Peter Verleijsdonk

Learning Policies for the Dynamic Traveling Maintainer Problem with Alerts

    Experiment design

    To test the proposed solution approaches, we introduce 16 asset networks, each having a different combination of network size, cost structure and machine degradation matrices. To distinguish the various cases, we use a simple shorthand notation: a network with one machine and degradation matrix Q1 is labeled M1-Q1. Note that when we employ multiple distinct degradation matrices, we concatenate the labels in increasing order, e.g., a network with two machines Q2 and Q3 is labeled M2-Q2Q3. For larger network sizes, we use the same degradation matrix for multiple machines by spreading the degradation matrices evenly across the number of machines. Thus, experiment M4-Q2Q3 represents a network with four machines where half is assigned the degradation matrix Q2 and the other half is assigned the degradation matrix Q3. For each network, we consider the cost structures C1, C2 and C3. This scheme is only changed for the last asset network with M=6, labeled M6-Q2Q3Q4-C. This network increases the complexity by assigning different cost structures to machines. A detailed description per network follows now:

  • M1-Q1 The simplest setup considers one machine (Q1) such that Xm = Nm, vanishing the information gap. This edge case is introduced to show that the learned policies and heuristics can match the performance or reproduce the policy found via Policy Iteration (PI). We can verify that the optimal policy acts greedily on alerts (under cost structure C1 and C3), or it is reactive with respect to a transition to the failed state (under cost structure C2).

  • M1-Q4 This setup considers one machine (Q4) where Xm ⊂ Nm,, i.e., there is partial information about the network state space. We quantify the information gap of having information level L3 over less information L ∈ {L0, L1, L2} when presented with a single machine.

  • M2-Q2Q3 We scale up the model complexity by increasing the network size. We consider two machines Q2 and Q3, which implies that the decision-maker has partial information about the network state space. Note that each machine in this experiment degrades at a different rate, and ideally, a good policy accounts for this by adapting its response time for each machine.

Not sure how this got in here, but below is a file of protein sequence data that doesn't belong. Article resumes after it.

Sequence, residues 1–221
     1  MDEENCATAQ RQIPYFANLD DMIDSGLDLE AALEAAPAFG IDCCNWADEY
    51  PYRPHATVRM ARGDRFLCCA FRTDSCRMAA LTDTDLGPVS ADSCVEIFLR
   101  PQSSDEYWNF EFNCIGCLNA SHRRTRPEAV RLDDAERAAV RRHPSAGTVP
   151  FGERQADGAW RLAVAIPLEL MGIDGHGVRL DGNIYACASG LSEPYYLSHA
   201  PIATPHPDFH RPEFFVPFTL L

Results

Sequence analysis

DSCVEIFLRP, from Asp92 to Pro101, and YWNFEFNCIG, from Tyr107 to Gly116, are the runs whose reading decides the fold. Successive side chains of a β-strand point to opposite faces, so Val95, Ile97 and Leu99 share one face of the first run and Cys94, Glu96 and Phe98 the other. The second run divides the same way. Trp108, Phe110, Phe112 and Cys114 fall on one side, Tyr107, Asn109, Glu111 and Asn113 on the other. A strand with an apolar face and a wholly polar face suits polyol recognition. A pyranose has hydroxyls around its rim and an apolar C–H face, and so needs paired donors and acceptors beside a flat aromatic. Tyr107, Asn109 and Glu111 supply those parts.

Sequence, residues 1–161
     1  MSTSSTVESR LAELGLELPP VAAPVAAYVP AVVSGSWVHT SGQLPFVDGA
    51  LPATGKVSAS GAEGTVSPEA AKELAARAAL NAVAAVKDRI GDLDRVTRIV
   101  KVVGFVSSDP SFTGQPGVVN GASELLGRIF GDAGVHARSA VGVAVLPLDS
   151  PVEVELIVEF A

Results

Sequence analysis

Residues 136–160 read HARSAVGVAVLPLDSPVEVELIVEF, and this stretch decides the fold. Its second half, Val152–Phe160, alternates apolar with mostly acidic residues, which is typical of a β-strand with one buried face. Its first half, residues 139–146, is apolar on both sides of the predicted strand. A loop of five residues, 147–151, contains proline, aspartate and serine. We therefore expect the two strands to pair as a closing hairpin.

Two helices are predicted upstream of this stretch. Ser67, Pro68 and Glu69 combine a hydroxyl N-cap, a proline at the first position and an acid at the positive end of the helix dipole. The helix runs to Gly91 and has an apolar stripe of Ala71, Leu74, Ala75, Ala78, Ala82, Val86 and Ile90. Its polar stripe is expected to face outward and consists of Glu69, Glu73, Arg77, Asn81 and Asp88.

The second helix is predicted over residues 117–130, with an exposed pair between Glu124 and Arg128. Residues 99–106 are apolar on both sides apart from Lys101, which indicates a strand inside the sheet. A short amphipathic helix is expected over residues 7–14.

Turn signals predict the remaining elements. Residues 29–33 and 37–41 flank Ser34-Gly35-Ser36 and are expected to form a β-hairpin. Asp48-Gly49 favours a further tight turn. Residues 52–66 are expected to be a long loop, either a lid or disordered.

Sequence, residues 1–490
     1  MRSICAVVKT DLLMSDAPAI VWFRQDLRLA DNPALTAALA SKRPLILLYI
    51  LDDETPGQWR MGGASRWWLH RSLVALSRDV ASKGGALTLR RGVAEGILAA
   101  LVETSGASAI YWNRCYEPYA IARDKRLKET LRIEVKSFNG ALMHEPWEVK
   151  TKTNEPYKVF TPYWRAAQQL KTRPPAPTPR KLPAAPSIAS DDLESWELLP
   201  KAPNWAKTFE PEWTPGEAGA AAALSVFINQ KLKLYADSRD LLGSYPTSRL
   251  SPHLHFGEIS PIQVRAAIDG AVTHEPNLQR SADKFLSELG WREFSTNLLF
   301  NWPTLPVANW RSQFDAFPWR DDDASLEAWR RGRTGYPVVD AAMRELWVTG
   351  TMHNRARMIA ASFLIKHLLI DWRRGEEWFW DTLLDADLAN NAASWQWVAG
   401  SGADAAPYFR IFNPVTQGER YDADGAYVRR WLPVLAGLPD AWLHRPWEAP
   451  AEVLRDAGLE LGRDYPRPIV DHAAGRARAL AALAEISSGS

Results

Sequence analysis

• M4-Q2Q3 Essentially, this network is obtained by doubling the M2-Q2Q3 network, i.e., the decision-maker now faces a four machines network. Note that the network now consists of two machines, Q2 and two machines Q3. This is the maximum network size for which we can still optimize the MDP (under information level L3) via PI, using our hardware.

  • M6-Q2Q3Q4 The largest network with six machines is obtained by adding two machines Q4 to the network M4-Q2Q3. The result is a much more challenging problem in which each pair of machines will have different lifetime distributions. Moreover, the alerts of Q4 machines are likely to occur very early relative to the failed asset. This induces a challenging time-based maintenance problem where the decision-maker has to consider the risk of postponing maintenance adequately.

  • M6-Q2Q3Q4-C Lastly, we increase the model complexity by considering multiple cost structures. Network M6-Q2Q3Q4-C is identical to network M6-Q2Q3Q4; however, we now assign to different machines different cost structures. Q2 machines are assigned cost structure C2, Q3 machines the cost structure C3 and Q4 machines have cost structure C1. This option is more realistic as different assets may have different maintenance cost structures based on type, age, location and utilization.